Billions in high-interest loans being handed out to people who probably shouldn’t qualify for them, who may not understand the full terms of the loans, and who will likely have trouble paying the money back. Sounds a lot like the stories we were writing five years ago as mountains of subprime, adjustable rate mortgages were coming due, but now it’s about the massive number of student loans written in recent years.
The Consumer Financial Protection Bureau released a thorough report on the huge private student loan market and confirmed what many of us have believed — that there is a huge danger to the economy by runaway student lending in the last decade.
In 2001, lenders handed out less than $5 billion in private student loans in the U.S. By 2008, that had swollen to more than $20 billion, as lenders began marketing and disbursing the loans directly to student borrowers.
Between 2005 and 2007, the CFPB says the percentage of undergraduate student loans made without the involvement of the school jumped from 40% to 70%.
“As a result, many students borrowed more than they needed to finance their education,” writes the CFPB. “Additionally, during this period, lenders were more likely to originate loans to borrowers with lower credit scores than they had previously been. These trends made private student loans riskier for consumers.”
The report also found that a number of the students who borrowed these private loans did not fully understand the difference between private and federal student loans. Many did not exhaust all of their options through the lower-interest federal Stafford loans, while some borrowers were not aware that private student loans often have fewer repayment options that federal loans.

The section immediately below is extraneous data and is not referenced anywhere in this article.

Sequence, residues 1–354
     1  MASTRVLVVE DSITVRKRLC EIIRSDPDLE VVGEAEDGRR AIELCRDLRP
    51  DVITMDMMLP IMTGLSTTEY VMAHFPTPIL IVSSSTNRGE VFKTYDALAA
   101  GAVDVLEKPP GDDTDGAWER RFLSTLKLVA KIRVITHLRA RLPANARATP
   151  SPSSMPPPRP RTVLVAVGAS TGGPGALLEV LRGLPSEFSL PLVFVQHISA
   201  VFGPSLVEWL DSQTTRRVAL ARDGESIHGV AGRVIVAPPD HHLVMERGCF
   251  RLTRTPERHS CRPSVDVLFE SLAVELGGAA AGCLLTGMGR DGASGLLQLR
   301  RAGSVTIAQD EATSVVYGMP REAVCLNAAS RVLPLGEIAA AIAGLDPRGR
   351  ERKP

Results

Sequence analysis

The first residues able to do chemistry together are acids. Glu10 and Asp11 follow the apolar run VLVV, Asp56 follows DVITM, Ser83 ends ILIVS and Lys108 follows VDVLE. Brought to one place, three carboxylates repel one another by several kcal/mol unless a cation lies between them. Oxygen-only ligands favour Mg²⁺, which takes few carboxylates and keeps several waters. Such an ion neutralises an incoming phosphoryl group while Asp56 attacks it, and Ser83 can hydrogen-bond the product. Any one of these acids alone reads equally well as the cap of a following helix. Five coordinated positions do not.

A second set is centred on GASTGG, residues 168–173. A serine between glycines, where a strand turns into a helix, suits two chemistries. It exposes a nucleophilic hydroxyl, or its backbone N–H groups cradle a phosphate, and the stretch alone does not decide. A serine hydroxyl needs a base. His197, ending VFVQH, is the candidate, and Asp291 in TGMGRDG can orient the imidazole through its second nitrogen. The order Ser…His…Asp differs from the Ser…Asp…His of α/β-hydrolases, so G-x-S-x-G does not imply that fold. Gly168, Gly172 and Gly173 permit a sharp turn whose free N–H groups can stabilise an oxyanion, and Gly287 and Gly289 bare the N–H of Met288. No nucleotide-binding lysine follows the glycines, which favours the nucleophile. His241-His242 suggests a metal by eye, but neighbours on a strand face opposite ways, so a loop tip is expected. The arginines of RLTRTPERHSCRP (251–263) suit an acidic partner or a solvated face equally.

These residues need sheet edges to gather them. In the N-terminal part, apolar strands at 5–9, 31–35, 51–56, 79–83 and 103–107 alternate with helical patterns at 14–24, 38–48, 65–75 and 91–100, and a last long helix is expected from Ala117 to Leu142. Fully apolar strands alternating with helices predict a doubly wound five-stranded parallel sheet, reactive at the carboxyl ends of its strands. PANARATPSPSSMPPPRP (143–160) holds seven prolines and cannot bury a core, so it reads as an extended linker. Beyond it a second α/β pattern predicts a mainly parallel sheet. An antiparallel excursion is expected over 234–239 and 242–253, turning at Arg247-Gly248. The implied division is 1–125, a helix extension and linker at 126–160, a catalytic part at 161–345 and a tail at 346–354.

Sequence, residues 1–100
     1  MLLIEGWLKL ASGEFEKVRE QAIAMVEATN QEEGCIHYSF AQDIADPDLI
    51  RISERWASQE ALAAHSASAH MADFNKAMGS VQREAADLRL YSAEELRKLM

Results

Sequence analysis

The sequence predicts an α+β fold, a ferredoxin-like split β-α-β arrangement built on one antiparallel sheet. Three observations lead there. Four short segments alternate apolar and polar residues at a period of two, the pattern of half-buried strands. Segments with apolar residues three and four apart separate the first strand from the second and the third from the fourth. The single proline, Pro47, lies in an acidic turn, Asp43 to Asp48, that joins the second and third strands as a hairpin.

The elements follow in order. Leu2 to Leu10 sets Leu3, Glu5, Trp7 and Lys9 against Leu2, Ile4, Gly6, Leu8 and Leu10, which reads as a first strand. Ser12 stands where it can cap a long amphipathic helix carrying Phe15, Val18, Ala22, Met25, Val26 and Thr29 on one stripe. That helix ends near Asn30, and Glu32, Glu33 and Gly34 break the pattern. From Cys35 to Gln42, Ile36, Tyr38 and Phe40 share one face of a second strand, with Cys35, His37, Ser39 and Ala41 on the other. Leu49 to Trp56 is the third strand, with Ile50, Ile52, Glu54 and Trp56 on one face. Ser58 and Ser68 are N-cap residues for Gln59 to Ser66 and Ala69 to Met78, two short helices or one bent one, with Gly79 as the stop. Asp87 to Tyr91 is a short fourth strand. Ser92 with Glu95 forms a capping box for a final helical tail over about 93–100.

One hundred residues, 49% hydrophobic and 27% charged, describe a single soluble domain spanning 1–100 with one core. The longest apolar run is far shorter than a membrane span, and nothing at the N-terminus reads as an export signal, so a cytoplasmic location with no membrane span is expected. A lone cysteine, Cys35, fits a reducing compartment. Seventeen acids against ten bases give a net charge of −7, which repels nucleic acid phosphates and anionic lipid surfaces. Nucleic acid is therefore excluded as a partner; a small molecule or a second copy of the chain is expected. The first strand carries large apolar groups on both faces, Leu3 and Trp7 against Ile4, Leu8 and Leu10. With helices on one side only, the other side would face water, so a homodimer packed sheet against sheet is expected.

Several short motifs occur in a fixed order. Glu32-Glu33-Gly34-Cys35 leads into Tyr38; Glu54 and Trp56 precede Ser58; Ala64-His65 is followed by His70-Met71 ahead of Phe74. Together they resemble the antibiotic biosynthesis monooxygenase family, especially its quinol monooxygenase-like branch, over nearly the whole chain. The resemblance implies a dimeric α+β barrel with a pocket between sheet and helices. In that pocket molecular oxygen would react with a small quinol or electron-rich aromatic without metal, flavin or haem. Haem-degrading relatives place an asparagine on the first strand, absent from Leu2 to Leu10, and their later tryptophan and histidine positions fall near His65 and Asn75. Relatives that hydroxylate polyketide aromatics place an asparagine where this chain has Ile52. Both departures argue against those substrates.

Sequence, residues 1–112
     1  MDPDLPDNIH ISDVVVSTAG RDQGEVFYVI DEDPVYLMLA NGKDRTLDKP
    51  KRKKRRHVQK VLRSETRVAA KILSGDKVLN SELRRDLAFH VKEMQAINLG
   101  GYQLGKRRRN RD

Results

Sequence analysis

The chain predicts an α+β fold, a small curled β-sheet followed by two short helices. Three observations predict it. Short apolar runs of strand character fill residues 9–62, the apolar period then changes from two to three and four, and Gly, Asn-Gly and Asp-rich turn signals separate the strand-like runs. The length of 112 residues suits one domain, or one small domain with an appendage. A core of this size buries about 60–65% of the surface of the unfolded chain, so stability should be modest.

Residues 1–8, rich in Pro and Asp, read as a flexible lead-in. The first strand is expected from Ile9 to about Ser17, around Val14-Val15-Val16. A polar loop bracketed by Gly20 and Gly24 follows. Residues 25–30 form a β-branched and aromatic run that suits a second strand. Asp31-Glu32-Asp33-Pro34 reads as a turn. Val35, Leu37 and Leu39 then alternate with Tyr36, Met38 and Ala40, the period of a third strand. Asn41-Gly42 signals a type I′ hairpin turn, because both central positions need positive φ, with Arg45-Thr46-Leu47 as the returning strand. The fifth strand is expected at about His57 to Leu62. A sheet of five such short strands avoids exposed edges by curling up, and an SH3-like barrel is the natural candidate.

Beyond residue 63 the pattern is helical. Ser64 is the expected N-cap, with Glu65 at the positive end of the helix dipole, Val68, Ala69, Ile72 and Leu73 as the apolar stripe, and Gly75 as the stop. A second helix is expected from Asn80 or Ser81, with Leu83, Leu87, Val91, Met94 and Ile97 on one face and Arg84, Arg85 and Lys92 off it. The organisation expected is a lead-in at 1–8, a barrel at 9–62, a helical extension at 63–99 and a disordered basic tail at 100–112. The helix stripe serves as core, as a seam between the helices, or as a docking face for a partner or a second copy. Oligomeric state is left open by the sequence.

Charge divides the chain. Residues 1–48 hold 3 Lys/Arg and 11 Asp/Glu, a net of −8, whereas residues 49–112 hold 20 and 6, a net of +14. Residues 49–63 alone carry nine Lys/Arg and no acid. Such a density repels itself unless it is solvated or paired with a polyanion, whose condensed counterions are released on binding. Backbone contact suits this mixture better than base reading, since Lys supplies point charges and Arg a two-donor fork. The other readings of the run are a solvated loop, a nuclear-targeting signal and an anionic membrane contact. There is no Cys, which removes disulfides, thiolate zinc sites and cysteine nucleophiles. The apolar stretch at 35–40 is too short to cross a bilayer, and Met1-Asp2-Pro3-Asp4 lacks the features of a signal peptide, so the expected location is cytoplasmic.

And even though the private student loan market has shrunk back to only $6 billion in 2011, the damage is done for the millions of Americans who borrowed during the peak period, many of whom graduated or left school at the height of an unfriendly job market.
“In 2009, the unemployment rate for private student loan borrowers who started school in the 2003-2004 academic year was 16%,” writes the CFPB. “Ten percent of recent graduates of four-year colleges have monthly payments for all education loans in excess of 25% of their income. Default rates have spiked significantly since the financial crisis of 2008. Cumulative defaults on private student loans exceed $8 billion, and represent over 850,000 distinct loans.”
“Subprime-style lending went to college, and now students are paying the price,” said Education Secretary Arne Duncan, who has asked Congress to require colleges and private lenders work with the Department of Education and the
CFPB to figure out ways to offer flexibility and relief to private student loan borrowers who are experiencing financial distress.
You can check out the full, 131-page PDF of the report at ConsumerFinance.gov.